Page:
The Department of Health and the Virgin Islands Territorial Emergency Management Agency spent Wednesday’s Senate Committee of the Whole meeting answering dozens of pandemic-related questions the lawmakers came armed with.
Many of the senators’ questions have already been raised by the public, a public that has been adamant about demanding answers on social media.
Below is a list of those community questions and the answers given by VITEMA and Health Department officials:
– What kinds of tests are there and what do they do?
There are a couple different tests DOH Territorial Epidemiologist Dr. Esther Ellis said are used in relation to COVID-19. There’s the PCR test, which detects the presence of the virus and is important for contact tracing and two tests and an antibody test, which confirms if a person has had the disease in the past.
– What kind of strain of the disease are we experiencing in the territory?
“As it relates to the virus that has circulated called SARS-COVID 2, we know there is only one strain. There are many different coronavirus strains, but right now as it is all the coronavirus that is causing COVID-19 has been identified as one strain,” DOH Medical Director Tai Camille Hunte-Ceasar, M.D. said.
– What is the shelf life of test kits?
There is some shelf life to the reagent supplies, Ellis said, and the supplies are being used well before the expiration.
– Do hospitals have enough test kits?
Health Commissioner Justa Encarnacion said 1,500 sampling kits arrived on Monday and there is an adequate supply of test kits.
– Is the territory prepared for a surge of COVID-19 cases as businesses begin to open?
Ellis said it was always expected there would be an uptick in cases as people start coming more into contact with each other, and the hospitals have prepared with additional supplies, beds and testing capabilities.
– Has any patient been re-infected?
There have been no cases of anyone re-infected in the territory, Ellis said.
– Who is responsible for quarantine compliance enforcement?
Encarnacion said DOH and the governor have the power to enforce the law but have not had to do so.
– Are EMT’s and emergency personnel being tested for COVID-19?
EMT’s have been tested in the past and if an EMT experienced symptoms they would be tested, Encarnacion said.
– How many people daily have been flying into the territory?
Virgin Islands Territorial Emergency Management Agency Director Daryl Jaschen said around 30 to 40 people since hotels have stopped booking reservations.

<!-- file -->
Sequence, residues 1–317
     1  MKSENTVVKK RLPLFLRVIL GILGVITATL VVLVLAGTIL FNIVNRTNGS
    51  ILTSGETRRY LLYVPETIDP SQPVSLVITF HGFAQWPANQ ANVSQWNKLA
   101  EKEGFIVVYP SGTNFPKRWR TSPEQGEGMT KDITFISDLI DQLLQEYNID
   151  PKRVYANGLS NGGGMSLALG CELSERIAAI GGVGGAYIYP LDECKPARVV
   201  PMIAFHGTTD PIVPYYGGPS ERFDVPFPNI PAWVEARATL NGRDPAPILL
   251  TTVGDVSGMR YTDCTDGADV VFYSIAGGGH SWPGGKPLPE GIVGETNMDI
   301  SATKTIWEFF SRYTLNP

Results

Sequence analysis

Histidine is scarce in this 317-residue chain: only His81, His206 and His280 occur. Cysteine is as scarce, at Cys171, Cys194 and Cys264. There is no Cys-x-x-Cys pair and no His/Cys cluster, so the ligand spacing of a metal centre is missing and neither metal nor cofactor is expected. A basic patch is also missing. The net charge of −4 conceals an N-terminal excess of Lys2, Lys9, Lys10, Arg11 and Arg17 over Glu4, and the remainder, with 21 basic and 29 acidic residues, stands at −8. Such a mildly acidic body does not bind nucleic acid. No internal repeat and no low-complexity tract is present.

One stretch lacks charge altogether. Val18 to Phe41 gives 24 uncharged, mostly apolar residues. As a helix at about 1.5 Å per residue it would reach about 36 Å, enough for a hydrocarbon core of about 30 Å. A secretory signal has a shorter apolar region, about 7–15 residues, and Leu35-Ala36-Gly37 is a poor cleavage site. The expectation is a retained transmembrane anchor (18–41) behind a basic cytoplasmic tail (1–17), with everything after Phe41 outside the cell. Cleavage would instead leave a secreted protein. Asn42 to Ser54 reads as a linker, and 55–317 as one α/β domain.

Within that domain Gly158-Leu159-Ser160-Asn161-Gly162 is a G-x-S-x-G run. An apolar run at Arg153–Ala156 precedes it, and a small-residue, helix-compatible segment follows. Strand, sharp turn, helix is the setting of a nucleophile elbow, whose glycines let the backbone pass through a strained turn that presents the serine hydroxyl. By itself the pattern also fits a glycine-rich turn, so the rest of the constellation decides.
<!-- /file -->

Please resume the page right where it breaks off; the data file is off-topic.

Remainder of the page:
– What protocols are in place to ensure public health once welcoming back cruise ship passengers?
If anyone comes off a cruise ship that is symptomatic, they are tested, Ellis said. There have been no positives so far that have come from the cruise ship population.
– How long can you safely wear a mask for?
There is no finite amount of time but rather people should wear their masks, Hunte-Ceasar said. N95 masks are engineered for proper ventilation and extended use of time.
– Approaching hurricane season, in the event of a disaster what will be done with individuals seeking shelter who are sick?
“Non-congregating housing” is being used where COVID-19 patients will be sub-quarantined and away from those of the general populous seeking shelter at that time, Encarnacion said.
– Are elective surgeries now being permitted?
Outpatient procedures can reopen but hospitals have not yet reopened elective procedures, Hunte-Ceasar said.
– How will schools be reopened and will students need to wear masks?
Encarnacion said DOH and Department of Education will have to confer together to determine when school will reopen and what protocols will be put in place for students to protect them.
– Does the novel coronavirus affect livestock?
There has been no documented COVID-19 transmission from a livestock transfer of the virus to a human other than the origin of it passing from a bat, Ellis said. The livestock in the territory is not in jeopardy.
– Have patients been able to be medically evacuated during the pandemic, whether being a COVID-19 patient or otherwise?
There has only been one delay in attempts to medevac a patient from the territory, Encarnacion said. All attempts made to medevac patients have been successful, she added.
Senators present for the meeting were Novelle Francis Jr., Myron Jackson, Alicia Barnes, Oakland Benta, Marvin Blyden, Allison DeGazon, Dwayne DeGraff, Donna Frett-Gregory, Kenneth Gittens, Stedmann Hodge Jr., Javan James, Steven Payne Sr., Janelle Sarauw, Athneil Thomas and Kurt Vialet.